The young man who preached the service made this statement during his sermon: "The more glimpses we have of Christ in this life, the more we long to see Him face-to-face in Glory." I looked around at those gathered in the sanctuary and saw so very many "glimpses" of Christ, reflected in the faces of His precious sons and daughters. And yes, seeing those glimpses of Christ did make me long all the more to see my Saviour in Glory. The reflection of Christ radiating in believers is beautiful - how much more beautiful must be the true source and substance!

Steve has said before that I have a weird way of looking at funerals. They are sad times of tears and brokenness, certainly. But funerals are bittersweet for believers, because the sorrow is tinged with an inexpressible joy and a heart-rending longing. Death for Christians is the crossing over. The worm, on this side, has retreated into its cocoon. But, beyond earthly view, the butterfly emerges from its chrysalis into the radiant beauty of heaven, into the presence of Jesus. We call it death. I wonder if the angels in Glory call it a birthday.

At Saturday's funeral, I was reminded of a favorite poem by the 19th-century poet Christina Rossetti. Does this not make you long to see your Beloved in Glory?!

by Christina Rossetti

My heart is like a singing bird
Whose nest is in a watered shoot;
My heart is like an apple-tree
Whose boughs are bent with thickset fruit;
My heart is like a rainbow shell
That paddles in a halcyon sea;
My heart is gladder than all these
Because my love is come to me.

Raise me a dais of silk and down;
Hang it with vair and purple dyes;
Carve it in doves and pomegranates,
And peacocks with a hundred eyes;
Work it in gold and silver grapes,
In leaves and silver fleurs-de-lys;
Because the birthday of my life
Is come, my love is come to me.

(I originally posted this on Wednesday, June 9, 2010...wanted to re-share today as I approach the anniversary of the "birthday" of a dear friend whom I miss greatly.)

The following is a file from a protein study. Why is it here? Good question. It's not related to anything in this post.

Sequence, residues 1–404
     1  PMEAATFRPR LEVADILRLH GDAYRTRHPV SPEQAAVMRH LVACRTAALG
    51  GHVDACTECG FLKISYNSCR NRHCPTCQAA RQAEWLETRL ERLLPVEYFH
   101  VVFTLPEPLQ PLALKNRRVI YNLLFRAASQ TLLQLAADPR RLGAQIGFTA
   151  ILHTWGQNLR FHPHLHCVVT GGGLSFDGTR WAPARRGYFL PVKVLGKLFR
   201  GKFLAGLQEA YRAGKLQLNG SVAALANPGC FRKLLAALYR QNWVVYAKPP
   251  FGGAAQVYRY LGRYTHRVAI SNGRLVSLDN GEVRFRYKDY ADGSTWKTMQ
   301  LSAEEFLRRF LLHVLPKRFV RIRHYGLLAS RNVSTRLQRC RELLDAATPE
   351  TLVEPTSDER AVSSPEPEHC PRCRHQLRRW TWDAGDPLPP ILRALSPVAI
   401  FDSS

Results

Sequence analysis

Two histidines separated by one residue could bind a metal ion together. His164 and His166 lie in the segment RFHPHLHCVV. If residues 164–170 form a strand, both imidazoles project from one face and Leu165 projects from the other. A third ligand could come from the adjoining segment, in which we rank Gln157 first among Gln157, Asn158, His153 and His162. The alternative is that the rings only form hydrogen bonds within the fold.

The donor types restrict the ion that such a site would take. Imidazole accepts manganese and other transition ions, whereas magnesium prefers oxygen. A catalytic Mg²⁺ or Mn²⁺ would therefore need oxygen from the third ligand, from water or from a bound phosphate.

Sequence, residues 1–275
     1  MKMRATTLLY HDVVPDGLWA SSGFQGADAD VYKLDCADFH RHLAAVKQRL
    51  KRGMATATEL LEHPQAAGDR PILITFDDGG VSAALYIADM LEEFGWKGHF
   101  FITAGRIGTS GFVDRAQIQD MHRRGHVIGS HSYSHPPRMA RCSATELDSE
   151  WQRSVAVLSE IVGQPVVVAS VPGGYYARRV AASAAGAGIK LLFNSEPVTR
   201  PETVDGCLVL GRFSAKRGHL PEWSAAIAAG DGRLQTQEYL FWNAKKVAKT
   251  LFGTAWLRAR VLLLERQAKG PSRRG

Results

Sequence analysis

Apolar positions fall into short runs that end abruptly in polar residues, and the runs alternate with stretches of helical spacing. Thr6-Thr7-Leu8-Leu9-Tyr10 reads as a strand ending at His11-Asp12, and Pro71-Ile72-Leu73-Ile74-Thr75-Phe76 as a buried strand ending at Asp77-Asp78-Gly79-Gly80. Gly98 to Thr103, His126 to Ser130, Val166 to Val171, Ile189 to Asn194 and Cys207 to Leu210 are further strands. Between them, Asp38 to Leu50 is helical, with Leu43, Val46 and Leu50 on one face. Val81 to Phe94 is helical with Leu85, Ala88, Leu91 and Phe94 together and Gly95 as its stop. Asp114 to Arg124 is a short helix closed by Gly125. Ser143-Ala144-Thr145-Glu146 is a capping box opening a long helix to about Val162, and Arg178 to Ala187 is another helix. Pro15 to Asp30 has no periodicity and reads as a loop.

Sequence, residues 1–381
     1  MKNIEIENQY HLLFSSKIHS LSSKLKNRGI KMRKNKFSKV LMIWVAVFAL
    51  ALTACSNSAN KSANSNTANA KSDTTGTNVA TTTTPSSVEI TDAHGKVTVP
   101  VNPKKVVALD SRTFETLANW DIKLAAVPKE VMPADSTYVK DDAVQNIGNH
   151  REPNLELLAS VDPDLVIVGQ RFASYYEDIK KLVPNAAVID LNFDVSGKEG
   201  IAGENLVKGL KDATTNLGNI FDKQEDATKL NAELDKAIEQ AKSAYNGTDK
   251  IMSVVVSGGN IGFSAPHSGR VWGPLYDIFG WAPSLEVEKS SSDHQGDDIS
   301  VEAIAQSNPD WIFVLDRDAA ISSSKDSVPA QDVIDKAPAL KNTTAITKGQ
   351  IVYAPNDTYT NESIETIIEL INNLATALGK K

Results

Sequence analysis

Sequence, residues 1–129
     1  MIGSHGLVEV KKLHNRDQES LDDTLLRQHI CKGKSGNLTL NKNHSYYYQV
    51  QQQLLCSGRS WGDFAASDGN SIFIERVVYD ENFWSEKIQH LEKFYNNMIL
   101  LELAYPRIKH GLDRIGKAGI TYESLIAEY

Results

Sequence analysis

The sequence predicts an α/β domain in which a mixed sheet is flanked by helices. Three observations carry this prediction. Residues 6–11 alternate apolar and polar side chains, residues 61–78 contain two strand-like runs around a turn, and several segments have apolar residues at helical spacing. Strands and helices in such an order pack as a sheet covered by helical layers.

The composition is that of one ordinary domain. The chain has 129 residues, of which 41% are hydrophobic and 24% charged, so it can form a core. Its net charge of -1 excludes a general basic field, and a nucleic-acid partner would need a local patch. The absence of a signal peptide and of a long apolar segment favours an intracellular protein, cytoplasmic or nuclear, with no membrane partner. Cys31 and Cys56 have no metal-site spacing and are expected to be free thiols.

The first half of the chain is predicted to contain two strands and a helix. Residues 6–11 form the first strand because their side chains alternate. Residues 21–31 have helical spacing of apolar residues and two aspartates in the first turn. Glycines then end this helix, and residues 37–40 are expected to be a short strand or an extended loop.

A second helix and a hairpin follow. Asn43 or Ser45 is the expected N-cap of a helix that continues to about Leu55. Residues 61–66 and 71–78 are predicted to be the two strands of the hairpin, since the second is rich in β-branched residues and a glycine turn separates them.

Tuesday, April 4, 2017


Dear Young Woman,

You say you need a new boyfriend. After a string of disappointing relationships, you feel "less than," insecure, like maybe there is something wrong with you that keeps all the "good" guys away. You question your worth and your self-confidence is shaken. You tell me, "If I could just find a really nice young man to date, and if he genuinely cared about me and treated me well, I would feel so much better about myself."

You are probably right. If a truly admirable young man asked you out, and if he treated you with courtesy and respect, you probably would feel better about yourself.


But, can I skip the probably-s and share with you something absolutely certain? Something that does not depend upon IF or upon the men who do or do not demonstrate an interest in you?

Young woman, you are an Image Bearer. You carry within you the imprint of the Holy, the thumbprint of the Creator of the Universe. You have value - inestimable value - not because some young man notices you, but because God himself has declared that you are precious in his eyes.

You are special, whether you feel like it or not, because you are His.

I want to challenge you...

Young woman, you do not need a new boyfriend. No, you need to remember who you are and whose you are, and you need to believe and to walk in the truth. (It is okay, dear one, to pray like the father in Mark 9: "Lord, I believe; help my unbelief!" God will hear and answer your prayer.)

Do not rely on relationships with men to provide that which has already been given to you by your heavenly Father.

Stop sitting in the shadows and cinders, pining for some elusive Prince Charming to come along and give you a sense of worth.

You are already a Princess.

You are a beloved daughter of the Most High King.

Stand up straight, Princess, and walk in the light.

Your older sister

Tuesday, March 28, 2017


O to grace how great a debtor daily I'm constrained to be;
let that grace now, like a fetter, bind my wand'ring heart to thee.